As a parent, it can be scary to introduce new foods to your infant. New research guidelines will give you peace of mind about food allergies in kids.
Children can have different reactions to foods, but this doesn’t mean that these reactions are all due to an allergy. There’s a difference between sensitization and an allergy (IgE). To have a food allergy, your child has to be showing consistent symptoms. Here’s a breakdown of the key things to understand about food allergies in kids and a few things to keep in mind to reduce your child’s risk of forming food allergies.
What are food allergens?
A food allergy is when the body has an unusual reaction to a protein in a food that is otherwise harmless. The eight most common allergens are milk, eggs, fish, shellfish, tree nuts, peanuts, wheat, and soy. These foods are typically part of a healthy balanced diet and should only be excluded if your child has a known food allergy or a food sensitivity. Excluding foods unnecessarily can limit essential nutrients in your child’s diet. That’s why it’s helpful to work with an allergist and a registered dietitian if you suspect an allergy.
What are the symptoms of food allergies in kids?
Symptoms can involve any of the body organs. The most common reactions occur around the mouth and throat with itching and swelling. Diarrhea is also common. Other organ systems that can be involved are the lungs, heart, skin, and more. Your child can experience mild symptoms such as an itchy or runny nose and hives that range from a local area to the entire body.
When a child goes into anaphylaxis from a severe allergic response, an epinephrine injection (epi-pen) is the only way to treat it. There have been recent studies looking at oral immunotherapy to help blunt the body’s response to allergies. A health professional fully supervises these, and the results are promising. Read more about this in What if Peanuts Could Cure Peanut Allergies?
Does the early introduction of common food allergens lower the occurrence of food allergies?
Since 2015 there has been a consensus that early introduction to these main allergens may prevent the development of food allergies. (1)
There are steps you can take to help your kids reduce their risk of food allergies! Learn more by reading How to Prevent Peanut Allergy in Kids. Diversity in your child’s diet improves exposure to different types of proteins which has proven to be helpful.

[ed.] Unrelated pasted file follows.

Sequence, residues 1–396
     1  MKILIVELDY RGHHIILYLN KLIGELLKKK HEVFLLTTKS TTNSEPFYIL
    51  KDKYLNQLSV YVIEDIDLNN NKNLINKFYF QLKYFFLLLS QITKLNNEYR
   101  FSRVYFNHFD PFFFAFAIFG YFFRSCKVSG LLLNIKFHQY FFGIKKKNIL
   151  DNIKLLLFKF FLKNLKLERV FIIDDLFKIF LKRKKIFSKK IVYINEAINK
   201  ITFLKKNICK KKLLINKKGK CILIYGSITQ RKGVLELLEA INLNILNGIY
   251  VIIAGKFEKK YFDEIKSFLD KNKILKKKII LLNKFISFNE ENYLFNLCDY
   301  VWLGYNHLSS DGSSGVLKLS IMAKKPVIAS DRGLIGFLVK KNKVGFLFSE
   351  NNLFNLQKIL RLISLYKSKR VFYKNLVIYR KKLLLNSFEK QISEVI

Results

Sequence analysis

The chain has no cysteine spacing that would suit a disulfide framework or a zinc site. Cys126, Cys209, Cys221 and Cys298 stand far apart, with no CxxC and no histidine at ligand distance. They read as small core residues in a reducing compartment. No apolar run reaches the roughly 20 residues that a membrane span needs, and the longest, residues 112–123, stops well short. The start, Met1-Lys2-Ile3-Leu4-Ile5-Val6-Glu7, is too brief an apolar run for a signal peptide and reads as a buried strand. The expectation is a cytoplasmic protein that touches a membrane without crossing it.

Healthy Microbiome and Food Allergy Risk
The term microbiome refers to the bacteria living in your intestines. There are a lot of healthy bacteria that play a role in the immune response and inflammation. You have likely been hearing more about the microbiome and how it impacts health. New research has found that there may be a connection between microbial diversity – the different types and amounts of bacteria in your infant or child’s body – and the risk of food allergies. Focusing on diet diversity can lead to even better gut diversity! Protein and fiber intake can increase microdiversity as well. Decreased gut diversity can lead to an increase in food allergy, though more research is needed. (2)
When you’re weaning from breastfeeding, focus on lean proteins, and sufficient fats. Specific minerals like iron can impact the microbiome as well, so making sure you’re feeding your child foods or formula with the right amount of nutrients, at the right time, is key. Including different types of plant-based foods also helps with the diversity of healthy bacteria in your gut.
It’s well known that natural birth is preferred over a cesarean section for a child to receive the good bacteria from the vaginal wall. Immune-regulating substances from breastmilk may provide an additional positive effect on allergy outcomes. Keep in mind that at this point, there’s no need to avoid allergens during pregnancy or breastfeeding since there’s no evidence to show this increases your child’s risk of forming an allergy.
What should you do next?
Now that you have a better understanding of a few things you can do to try to minimize your child’s risk of food allergy, here are a few steps you can take:
- If you believe your child has a food allergy or you have a strong family history of food allergies, find a board-certified allergist for more guidance.
- Monitor your child’s food intake and take detail records of any symptoms to discuss with the doctor.
- Ask the allergist or doctor which type of allergy testing they are doing – oral food challenges done by your doctor are the most accurate ways to diagnose, but most allergists conduct skin prick testing. This can lead to a high rate of false positives. However, if the results are negative, it can rule out the allergy. Some allergists prefer to conduct a skin prick test before conducting oral food challenges. Although oral food challenges are best, they are not always practical at physician’s offices. If there is a strong history of food allergies in your family, the first introduction to an allergen should be conducted in the doctor’s office.
- Breastfeed if possible and start to introduce common allergens early (around 6 months).
- Make your baby’s diet as diverse as possible!
- Be confident about feeding your baby!
Next, take a look at How to Help Prevent Peanut Allergy in Kids to understand how to prevent peanut allergy!